My Christmas read this time was Val McDermid’s 1989, a great book and a year I remember very well. In 1989 we were living in the same town in N.E. Switzerland, a little further from Lake Constance than we are now, but you could still see it between the houses. Blue lake, and Germany on the other side, and in those days, we were TINKS. Two incomes and no kids meant freedom to travel, to live the life and enjoy being young in central Europe.
The book deals with – among other things – the turbulent political situation of that time. I was waiting to see if my own 1989 memory would be part of it, and it was, right at the end.
It was the evening of November the 9th, 1989, and we were at home in our sprawling old house. I think it was around nine when a friend called, his voice squeaky with excitement.
‘Have you seen what’s happening in Germany?’
We switched on the TV, and there it was. Berlin. Scenes of confusion by the Wall, interspersed with footage of a press conference an hour or so earlier where it was declared that travel across the border to the west was now – immediately – permitted.
We watched, our jaws dropping, as crowds gathered by the Wall, hundreds of people anxious to cross, milling around, pressing forward, chipping away at the Wall. And then they opened the gates, and those hundreds of people streamed into West Berlin. The party began. It was a huge OMG moment. I went to make tea, and stood at the kitchen window looking at the lights in Germany twinkling away on the other side of the lake. We were watching history being made right next door.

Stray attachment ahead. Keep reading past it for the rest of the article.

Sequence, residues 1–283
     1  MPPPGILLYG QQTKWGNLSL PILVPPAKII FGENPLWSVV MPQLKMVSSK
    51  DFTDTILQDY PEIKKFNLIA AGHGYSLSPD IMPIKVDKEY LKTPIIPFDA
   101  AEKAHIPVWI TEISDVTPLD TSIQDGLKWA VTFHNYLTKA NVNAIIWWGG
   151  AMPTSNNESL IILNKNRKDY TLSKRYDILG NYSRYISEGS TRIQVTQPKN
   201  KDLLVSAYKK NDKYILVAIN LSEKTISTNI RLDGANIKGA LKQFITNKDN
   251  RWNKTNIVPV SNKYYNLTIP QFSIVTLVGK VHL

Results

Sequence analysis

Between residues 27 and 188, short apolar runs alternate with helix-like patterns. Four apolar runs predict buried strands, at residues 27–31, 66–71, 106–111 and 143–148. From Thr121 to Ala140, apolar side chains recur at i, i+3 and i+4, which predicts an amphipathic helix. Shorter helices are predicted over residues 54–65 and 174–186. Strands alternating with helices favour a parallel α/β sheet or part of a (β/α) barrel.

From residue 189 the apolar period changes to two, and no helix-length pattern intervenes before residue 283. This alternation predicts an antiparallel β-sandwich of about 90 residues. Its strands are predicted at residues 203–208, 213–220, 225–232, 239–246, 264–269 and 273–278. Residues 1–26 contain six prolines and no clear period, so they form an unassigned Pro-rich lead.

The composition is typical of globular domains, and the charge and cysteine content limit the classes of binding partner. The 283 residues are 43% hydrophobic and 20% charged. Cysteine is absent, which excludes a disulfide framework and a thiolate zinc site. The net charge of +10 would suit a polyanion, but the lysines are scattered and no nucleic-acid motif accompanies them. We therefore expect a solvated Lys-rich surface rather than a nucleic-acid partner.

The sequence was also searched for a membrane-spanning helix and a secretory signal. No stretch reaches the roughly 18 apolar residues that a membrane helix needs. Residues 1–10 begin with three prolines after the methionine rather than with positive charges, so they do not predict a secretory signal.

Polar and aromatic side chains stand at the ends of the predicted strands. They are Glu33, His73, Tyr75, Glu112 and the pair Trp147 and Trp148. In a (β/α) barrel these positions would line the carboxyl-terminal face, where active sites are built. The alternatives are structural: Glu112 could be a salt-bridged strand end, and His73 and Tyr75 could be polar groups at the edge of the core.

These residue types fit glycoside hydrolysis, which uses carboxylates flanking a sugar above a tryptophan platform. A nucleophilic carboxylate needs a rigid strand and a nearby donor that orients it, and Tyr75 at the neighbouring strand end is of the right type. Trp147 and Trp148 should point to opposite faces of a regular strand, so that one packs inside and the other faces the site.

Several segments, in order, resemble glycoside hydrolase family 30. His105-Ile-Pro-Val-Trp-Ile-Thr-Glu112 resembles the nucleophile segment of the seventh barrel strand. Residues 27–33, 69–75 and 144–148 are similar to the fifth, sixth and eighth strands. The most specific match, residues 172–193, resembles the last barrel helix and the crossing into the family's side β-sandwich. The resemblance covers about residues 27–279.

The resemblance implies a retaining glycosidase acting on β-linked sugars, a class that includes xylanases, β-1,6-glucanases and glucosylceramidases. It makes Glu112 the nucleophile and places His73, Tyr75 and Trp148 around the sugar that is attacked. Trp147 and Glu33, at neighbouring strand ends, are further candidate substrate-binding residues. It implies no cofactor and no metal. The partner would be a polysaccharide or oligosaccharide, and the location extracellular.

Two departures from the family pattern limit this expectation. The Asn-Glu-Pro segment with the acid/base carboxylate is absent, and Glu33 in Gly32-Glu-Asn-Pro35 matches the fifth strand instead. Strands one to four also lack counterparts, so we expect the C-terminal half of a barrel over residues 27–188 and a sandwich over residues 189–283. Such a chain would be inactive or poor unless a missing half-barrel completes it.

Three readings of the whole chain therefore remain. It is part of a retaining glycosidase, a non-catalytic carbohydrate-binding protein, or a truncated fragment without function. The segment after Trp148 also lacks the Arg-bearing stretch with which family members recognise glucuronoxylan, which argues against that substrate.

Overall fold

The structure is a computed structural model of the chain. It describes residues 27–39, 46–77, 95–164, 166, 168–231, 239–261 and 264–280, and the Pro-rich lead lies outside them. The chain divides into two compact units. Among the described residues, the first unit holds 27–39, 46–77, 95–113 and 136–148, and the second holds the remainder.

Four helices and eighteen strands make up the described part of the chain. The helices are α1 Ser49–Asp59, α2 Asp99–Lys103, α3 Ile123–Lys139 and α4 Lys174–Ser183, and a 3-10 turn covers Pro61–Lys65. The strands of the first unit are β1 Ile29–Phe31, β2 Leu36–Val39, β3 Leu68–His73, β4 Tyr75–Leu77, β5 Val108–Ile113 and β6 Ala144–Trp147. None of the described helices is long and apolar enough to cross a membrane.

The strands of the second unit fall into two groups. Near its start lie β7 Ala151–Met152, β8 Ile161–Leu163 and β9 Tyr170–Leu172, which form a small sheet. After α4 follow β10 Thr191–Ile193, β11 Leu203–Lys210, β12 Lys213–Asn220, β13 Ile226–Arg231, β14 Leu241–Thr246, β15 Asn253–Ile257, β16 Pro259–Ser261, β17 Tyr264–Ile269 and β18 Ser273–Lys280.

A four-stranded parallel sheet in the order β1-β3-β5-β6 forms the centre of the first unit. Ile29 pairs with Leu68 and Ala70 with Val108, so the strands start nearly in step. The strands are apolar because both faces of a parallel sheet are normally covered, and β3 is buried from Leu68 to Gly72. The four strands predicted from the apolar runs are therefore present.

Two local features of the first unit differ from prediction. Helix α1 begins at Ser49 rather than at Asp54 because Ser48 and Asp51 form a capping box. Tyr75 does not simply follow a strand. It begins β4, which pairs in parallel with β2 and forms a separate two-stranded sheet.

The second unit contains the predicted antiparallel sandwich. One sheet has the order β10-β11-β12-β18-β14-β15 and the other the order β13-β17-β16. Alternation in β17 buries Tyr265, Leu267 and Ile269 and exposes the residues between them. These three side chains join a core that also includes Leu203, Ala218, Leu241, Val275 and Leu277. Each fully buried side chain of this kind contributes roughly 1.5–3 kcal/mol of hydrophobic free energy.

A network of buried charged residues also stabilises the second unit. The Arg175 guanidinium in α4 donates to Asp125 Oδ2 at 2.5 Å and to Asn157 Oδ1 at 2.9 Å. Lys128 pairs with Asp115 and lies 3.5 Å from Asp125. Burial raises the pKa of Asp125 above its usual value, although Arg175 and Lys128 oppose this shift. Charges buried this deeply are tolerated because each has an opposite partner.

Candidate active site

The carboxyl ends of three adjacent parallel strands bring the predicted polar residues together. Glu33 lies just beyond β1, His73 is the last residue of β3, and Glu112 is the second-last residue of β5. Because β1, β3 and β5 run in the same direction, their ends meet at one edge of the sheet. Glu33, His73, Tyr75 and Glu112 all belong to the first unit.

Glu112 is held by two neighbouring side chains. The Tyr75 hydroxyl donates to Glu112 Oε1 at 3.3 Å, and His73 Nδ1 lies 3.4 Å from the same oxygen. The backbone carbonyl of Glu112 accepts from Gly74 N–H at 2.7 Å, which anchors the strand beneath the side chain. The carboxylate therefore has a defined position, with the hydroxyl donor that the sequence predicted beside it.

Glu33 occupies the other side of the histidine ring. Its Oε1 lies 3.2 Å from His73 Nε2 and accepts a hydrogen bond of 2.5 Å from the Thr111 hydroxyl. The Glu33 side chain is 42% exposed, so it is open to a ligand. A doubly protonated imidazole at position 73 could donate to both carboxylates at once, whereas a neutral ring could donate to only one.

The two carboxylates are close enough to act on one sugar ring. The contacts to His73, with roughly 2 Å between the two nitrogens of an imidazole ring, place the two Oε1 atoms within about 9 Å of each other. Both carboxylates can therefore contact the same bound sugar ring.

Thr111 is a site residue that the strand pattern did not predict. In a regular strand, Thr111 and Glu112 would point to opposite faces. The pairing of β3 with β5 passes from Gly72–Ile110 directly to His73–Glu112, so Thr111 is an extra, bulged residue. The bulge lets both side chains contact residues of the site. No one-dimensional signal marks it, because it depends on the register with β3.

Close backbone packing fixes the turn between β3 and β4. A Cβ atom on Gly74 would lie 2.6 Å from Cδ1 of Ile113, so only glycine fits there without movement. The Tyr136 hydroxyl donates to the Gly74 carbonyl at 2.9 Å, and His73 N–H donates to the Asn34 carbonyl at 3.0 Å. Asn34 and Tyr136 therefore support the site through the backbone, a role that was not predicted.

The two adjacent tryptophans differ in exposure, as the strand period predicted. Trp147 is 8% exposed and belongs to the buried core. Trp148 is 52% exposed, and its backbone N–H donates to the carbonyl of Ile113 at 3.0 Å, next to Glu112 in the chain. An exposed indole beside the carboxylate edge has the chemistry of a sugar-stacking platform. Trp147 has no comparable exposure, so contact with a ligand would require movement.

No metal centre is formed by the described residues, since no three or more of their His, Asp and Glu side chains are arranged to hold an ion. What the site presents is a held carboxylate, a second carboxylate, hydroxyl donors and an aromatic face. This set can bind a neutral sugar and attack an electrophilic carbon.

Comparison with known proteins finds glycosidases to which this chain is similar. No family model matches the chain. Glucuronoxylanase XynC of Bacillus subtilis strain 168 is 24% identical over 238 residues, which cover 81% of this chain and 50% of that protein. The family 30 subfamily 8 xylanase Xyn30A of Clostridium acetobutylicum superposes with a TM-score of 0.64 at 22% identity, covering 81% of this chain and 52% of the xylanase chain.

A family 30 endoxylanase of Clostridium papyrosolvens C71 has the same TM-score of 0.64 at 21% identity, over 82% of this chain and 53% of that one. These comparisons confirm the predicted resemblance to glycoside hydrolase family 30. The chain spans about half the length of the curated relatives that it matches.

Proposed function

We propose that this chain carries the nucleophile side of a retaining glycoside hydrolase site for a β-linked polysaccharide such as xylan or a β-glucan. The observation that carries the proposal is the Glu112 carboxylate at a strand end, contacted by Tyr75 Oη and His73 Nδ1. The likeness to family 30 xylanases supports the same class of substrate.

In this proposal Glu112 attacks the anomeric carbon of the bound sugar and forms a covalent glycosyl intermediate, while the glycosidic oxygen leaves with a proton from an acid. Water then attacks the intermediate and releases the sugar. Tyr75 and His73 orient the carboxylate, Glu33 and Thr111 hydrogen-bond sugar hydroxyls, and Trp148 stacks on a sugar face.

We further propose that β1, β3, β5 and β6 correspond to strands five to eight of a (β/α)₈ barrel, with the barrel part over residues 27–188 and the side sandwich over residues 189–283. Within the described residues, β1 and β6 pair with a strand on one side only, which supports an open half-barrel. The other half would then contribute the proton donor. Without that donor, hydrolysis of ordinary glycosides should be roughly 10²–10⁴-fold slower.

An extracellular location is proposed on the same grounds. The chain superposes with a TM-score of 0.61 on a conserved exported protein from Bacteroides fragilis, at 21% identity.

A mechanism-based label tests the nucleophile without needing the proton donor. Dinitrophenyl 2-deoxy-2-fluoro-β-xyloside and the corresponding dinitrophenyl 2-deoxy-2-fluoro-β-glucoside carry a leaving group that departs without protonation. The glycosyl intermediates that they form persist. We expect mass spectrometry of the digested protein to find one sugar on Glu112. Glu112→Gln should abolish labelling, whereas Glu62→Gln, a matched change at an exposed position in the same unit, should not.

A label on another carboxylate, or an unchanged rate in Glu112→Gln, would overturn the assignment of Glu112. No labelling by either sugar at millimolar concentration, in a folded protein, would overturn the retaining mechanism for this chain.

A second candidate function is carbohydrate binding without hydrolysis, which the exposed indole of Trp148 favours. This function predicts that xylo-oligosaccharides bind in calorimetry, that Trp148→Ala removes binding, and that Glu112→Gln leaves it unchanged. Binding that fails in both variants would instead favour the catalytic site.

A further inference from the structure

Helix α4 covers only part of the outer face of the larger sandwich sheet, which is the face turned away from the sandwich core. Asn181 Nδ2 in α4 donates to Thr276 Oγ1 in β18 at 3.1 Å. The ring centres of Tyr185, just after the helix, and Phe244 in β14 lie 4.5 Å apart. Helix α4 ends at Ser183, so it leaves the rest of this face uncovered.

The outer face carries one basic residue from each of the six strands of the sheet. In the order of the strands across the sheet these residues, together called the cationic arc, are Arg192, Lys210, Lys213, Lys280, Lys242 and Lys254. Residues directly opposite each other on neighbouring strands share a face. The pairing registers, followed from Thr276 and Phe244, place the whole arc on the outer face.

A few days later, I went shopping. In 1989, the supermarket car park was right on the lake bank. That’s it on the right, with Germany in the background, though the supermarket isn’t there now. That day in 1989, a crowd of people had gathered around a car, and I went to see what was happening.
It was a Trabi, one of the little Trabant cars people in East Germany used to drive around in. I’d never seen one in real life, and neither had anyone else in the crowd. Two young men appeared with a bagful of supermarket sandwiches. They had partied all night on the 9th, then went home for a few hours’ sleep before jumping in their Trabi and driving south through Germany and across the lake to Switzerland. Because they could. They were drunk with elation and hope for the future, living the dream. Lunch in Switzerland. I wonder where they are now.
If you’re interested in those times, click HERE for a short video (in English) with scenes from that night in 1989.
Coming up on my tbr list is Val McDermid’s 1979. My memories of that time are less vivid, but maybe she’ll write 1999 too. That was the year the lake flooded…